When, during the following session we brought magnifying glasses and pictures of the minibeasts they could find they responded really positively and were quickly immersed and interested. Child-led learning can take time to emerge, as group dynamics settle and the children gain the confidence to lead and to believe their ideas will be listened to.  This is one of the reasons why effective outdoor learning takes place over time.

They start to see your role as a provider of resources, ideas, ways and means rather than the instructor, which can often run counter to the normal relationships they have with teachers and other adults.
The natural environment is an unpredictable place, you never know what you will find. You can plan and prepare for certain learning experiences to take place, and they may happen, but what you cannot plan for and only be receptive to, is the unexpected.

"In preparing for battle, I have always found that plans are useless, but planning is indispensable."
–General Dwight D. Eisenhower

Sometimes like with the Bug Market, the children are explicit about the direction they want to take, sometimes child-led learning comes about by following a particular line of questioning and sometimes an observation is the key. In the first week in the woods with another group, William picks up a sharp stone and uses it like a tool; another child watches him and copies, using a stick with the same motion. It occurs to me they are whittling. Even though I don’t usually bring tools in this soon, their behaviour intrigues me and I bring potato peelers for them to whittle with for the next session. 

Outdoor play and outdoor learning provide enough scope for each child to be following his or her own line of enquiry and for them to collaborate with other children and adults. But those internal battles I mentioned... how do you feel about how you are perceived in your role? Not by the children, but by other practitioners, visitors, parents and parent helpers, a passing head teacher or an Ofsted inspector. What happens when the lines of enquiry that the children choose to follow includes squishing living things, making weapons, having battles....?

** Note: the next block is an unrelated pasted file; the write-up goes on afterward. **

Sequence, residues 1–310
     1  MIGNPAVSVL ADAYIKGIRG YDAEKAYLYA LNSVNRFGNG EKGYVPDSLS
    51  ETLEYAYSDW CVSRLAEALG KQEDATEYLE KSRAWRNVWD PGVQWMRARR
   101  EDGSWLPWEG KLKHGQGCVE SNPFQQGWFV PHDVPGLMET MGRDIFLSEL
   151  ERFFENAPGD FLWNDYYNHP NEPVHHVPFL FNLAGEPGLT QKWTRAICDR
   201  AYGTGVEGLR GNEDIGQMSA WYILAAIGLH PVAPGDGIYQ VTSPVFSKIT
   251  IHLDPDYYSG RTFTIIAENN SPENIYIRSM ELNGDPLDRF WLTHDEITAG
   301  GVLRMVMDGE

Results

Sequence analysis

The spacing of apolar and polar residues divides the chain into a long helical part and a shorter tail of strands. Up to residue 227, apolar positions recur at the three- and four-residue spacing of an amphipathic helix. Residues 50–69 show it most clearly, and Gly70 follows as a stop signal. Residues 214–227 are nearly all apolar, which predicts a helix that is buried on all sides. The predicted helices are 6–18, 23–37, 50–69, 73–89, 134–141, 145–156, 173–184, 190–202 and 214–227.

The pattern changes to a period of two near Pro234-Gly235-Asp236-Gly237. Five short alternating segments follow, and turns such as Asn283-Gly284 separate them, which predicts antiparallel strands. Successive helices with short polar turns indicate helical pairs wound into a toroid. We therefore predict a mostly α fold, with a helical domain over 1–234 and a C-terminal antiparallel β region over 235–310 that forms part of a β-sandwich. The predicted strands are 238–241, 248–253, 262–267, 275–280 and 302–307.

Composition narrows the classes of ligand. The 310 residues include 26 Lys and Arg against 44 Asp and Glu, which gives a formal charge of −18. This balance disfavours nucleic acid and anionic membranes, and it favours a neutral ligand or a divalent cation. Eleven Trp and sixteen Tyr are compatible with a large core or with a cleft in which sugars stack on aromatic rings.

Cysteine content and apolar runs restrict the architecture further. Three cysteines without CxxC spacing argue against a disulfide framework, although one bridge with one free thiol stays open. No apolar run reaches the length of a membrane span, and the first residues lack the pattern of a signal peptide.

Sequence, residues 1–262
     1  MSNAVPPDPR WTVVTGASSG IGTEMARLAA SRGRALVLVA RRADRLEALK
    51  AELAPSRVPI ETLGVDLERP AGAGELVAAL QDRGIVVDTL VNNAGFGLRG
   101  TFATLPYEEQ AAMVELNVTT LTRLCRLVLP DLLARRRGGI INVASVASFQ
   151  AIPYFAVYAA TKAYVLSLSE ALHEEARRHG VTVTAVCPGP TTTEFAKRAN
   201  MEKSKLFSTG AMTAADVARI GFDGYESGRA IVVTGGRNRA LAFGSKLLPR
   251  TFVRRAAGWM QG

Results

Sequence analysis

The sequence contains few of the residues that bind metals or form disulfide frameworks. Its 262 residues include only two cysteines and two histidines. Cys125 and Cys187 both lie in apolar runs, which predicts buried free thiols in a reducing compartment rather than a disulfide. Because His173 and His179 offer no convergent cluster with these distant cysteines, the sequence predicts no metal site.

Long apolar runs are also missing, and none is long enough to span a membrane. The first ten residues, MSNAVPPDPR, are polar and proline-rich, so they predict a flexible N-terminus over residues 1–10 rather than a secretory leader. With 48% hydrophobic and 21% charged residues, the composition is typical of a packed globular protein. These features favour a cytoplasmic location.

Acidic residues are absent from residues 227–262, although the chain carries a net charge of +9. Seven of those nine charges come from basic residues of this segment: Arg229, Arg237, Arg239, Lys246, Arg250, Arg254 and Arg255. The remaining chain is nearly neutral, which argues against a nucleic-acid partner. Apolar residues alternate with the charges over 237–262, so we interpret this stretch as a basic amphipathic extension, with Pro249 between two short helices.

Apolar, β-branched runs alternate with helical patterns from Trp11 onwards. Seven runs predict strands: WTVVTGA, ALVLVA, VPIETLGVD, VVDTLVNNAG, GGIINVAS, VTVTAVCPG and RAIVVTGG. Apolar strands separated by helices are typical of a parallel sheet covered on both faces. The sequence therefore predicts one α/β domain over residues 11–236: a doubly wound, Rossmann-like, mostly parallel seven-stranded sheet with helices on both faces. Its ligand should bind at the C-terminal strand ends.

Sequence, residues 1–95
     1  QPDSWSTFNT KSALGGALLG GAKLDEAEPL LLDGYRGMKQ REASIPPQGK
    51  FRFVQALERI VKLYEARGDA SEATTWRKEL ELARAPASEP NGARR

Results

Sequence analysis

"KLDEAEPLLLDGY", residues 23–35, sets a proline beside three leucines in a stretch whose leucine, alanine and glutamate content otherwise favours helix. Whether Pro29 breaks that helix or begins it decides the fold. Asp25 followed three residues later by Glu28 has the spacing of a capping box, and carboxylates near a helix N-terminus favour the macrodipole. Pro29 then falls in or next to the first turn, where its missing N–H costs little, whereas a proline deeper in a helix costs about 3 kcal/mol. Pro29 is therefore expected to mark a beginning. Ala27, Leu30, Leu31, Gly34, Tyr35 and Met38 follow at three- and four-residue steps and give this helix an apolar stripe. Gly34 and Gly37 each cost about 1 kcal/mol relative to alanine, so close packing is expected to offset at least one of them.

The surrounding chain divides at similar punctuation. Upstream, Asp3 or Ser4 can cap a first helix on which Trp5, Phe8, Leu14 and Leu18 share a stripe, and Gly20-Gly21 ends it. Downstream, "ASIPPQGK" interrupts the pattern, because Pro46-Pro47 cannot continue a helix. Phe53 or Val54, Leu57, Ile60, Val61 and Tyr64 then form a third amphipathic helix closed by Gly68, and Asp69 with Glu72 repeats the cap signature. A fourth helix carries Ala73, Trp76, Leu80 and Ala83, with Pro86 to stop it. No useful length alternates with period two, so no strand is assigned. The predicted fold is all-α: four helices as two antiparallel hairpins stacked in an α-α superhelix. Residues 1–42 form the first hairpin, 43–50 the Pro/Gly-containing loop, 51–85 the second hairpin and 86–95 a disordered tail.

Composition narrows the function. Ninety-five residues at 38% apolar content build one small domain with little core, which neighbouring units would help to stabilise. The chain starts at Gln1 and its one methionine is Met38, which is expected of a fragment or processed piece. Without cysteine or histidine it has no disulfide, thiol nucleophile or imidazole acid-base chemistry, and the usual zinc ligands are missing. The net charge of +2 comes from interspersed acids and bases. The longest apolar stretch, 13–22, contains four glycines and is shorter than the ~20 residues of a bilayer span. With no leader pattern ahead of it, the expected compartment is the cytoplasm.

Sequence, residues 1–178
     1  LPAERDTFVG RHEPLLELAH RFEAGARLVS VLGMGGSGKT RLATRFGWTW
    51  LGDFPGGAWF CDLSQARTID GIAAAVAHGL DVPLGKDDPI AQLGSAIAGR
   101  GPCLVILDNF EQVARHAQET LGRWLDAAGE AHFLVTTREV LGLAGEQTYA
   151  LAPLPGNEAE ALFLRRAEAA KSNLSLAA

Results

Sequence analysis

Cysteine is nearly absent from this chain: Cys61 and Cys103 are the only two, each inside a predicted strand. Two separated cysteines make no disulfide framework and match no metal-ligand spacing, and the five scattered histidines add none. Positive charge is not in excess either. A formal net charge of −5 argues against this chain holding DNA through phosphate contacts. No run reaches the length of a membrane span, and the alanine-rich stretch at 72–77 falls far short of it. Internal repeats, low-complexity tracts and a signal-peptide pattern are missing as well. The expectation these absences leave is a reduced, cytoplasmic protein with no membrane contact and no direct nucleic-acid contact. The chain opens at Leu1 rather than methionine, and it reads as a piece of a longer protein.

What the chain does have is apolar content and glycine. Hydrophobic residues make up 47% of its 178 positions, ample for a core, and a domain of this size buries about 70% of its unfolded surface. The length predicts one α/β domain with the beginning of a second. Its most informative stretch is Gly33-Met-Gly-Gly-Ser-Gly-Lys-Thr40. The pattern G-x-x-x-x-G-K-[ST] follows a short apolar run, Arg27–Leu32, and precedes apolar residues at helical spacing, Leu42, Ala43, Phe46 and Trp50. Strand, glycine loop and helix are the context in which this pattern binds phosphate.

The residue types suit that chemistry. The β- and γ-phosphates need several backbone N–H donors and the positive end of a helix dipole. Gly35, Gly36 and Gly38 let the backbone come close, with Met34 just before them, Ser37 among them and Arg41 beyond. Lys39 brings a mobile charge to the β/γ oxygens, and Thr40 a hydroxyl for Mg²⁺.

*This post, written by Lily, was originally published on forestschools.com in Oct 2010 and is republished here with their kind permission. 


  1. I love this post. It is so true to my experience. I have noticed, however, that children who have always been in control of their own learning do not hesitate to explore a new environment, not requiring prompt or direction. The hesitation you describe is a process of 'healing' from the 'shoulds' that children have learned in controlled situations and institutional settings. Otherwise, they explore naturally, in a process that began and extended from discovering a fist with their mouths, observing facial expressions or discovering by accident that they could move a limb of volition. Of course this is how it is. We are naturally primed to do this. :-) The impact of our training of children can be incredibly stifling. (How many times did I have to experiment just now to get the correct spelling of stifling?????) lol.